Chicago Mayor Rahm Emanuel said his proposed budget for next year is a “clear break with the past” and is based on “very, very conservative” revenue projections.
The 52-year-old Democrat, who presented his $8.3 billion spending plan to the City Council yesterday, said revenue growth of 1 percent to 3 percent in the nation’s third-most-populous city is driven partly by higher-than-expected hotel tax receipts and increased property sales.
“These measurements are not wild-eyed,” Emanuel told reporters today during a breakfast meeting at Bloomberg's Chicago bureau.
Emanuel’s second spending plan since taking office in May 2011 would eliminate a projected deficit of $298 million without raising fees or taxes. While budget officials said they expect a surplus of $30 million to $40 million at the end of next year, ballooning pension costs may force the city to make deep cuts in government services.
Pension costs will consume 22 percent of the budget -- about $1.2 billion -- within four years if the state Legislature doesn’t restructure the retirement systems, including adjustments in benefits and contributions, the mayor has said.
Workers now have no guarantee of the financial stability of their retirement funds, Emanuel said, because the city doesn’t have the means to pay for past promises without more than doubling property taxes or making large cuts in essential services.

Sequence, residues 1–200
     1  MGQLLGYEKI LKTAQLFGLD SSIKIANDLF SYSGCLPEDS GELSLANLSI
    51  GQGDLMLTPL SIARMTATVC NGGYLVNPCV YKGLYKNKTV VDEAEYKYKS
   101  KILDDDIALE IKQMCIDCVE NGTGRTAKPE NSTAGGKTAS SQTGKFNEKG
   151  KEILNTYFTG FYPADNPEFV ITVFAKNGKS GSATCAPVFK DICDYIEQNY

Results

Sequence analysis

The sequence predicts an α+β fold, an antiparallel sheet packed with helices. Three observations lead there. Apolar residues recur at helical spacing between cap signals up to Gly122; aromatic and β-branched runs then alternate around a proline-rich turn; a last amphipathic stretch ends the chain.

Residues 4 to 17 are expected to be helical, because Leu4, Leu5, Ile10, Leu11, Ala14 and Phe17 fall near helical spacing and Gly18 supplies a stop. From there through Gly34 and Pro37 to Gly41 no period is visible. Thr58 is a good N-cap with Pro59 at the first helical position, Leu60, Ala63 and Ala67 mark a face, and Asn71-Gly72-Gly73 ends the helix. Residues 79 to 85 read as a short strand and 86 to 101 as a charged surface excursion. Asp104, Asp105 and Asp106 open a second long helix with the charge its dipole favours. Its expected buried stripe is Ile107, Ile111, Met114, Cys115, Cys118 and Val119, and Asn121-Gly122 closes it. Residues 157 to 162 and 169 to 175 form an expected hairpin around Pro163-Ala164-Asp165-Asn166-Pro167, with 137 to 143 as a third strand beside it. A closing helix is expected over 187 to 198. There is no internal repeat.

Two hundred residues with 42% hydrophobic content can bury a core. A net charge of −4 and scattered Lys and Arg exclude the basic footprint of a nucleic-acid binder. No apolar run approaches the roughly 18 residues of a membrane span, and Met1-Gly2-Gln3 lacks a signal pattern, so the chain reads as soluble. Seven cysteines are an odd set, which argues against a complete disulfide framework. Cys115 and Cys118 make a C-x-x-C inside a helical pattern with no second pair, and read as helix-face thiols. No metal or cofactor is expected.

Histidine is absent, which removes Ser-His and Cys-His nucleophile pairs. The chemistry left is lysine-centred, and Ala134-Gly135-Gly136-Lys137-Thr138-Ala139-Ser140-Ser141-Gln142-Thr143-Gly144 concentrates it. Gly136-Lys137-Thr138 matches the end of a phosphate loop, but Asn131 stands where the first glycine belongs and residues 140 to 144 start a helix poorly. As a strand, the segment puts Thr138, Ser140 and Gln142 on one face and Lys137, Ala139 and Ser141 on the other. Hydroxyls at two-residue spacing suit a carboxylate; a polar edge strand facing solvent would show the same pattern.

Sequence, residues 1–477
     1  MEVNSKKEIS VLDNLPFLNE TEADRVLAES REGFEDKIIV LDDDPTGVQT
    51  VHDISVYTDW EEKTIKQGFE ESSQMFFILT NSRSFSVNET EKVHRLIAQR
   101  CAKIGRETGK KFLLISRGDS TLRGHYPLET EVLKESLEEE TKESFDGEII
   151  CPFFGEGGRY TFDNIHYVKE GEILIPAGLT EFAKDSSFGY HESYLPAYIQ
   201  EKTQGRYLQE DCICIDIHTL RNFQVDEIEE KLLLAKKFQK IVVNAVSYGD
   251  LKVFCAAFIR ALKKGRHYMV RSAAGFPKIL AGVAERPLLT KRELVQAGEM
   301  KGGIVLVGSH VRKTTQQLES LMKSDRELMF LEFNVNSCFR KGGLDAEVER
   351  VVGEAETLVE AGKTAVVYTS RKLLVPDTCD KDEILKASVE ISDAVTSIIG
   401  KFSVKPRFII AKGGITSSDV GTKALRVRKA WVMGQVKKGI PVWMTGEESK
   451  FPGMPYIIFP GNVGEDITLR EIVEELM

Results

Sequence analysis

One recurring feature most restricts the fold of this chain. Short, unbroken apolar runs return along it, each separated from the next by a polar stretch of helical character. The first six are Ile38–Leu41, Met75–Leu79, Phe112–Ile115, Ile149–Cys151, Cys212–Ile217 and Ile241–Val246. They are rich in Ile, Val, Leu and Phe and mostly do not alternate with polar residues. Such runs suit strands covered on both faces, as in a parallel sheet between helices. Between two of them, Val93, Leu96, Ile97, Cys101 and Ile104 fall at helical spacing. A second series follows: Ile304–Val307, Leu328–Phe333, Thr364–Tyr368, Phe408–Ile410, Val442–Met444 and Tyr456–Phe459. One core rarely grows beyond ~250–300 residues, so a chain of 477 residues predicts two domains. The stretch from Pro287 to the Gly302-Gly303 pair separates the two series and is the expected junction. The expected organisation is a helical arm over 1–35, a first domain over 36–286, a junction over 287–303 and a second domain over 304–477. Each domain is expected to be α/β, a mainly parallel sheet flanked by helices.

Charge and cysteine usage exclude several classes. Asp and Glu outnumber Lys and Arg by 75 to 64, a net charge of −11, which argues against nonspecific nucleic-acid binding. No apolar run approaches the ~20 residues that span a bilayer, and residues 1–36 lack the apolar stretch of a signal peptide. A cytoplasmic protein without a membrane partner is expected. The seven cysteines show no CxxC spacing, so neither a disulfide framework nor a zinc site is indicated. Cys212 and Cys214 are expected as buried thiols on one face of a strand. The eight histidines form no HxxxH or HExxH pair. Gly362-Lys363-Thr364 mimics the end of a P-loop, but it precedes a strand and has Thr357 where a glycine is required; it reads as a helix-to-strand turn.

“Right now they’re contributing to a system that won’t pay out -- I think there’s nothing more dishonest than that,” he said. “Let’s get them certainty.”
Illinois lawmakers are expected to address the pension shortfall in early January as part of a package of changes to address underfunded state retirement funds. Current retirees haven’t been affected.
Illinois has the nation’s weakest pension-funding ratio, according to data compiled by Bloomberg. The state, which has an unfunded retirement gap of $83 billion, had its credit-rating cut in January by Moody’s Investors Service, which cited “severe pension under-funding.”
Emanuel criticized a lack of leadership in Springfield, the state capital, on the pension matter, saying, “They need to get in gear.”
His budget proposed funding for 457 new police officers, as the city deals with a 28 percent jump in homicides through the first nine months of the year. The mayor described reporters’ attention to the rise in murders as “journalism through a rearview mirror,” and said the city is making progress at cutting that rate as well as the incidence of overall crime.
Chicago Police reported 406 homicides as of Sept. 30, up from 317 during the same period in 2011, according to department records. The rate has dropped since March, when the murder rate was up 66 percent, the mayor said.
Of the overall rate, he said: “We are without a doubt bringing our crime down.”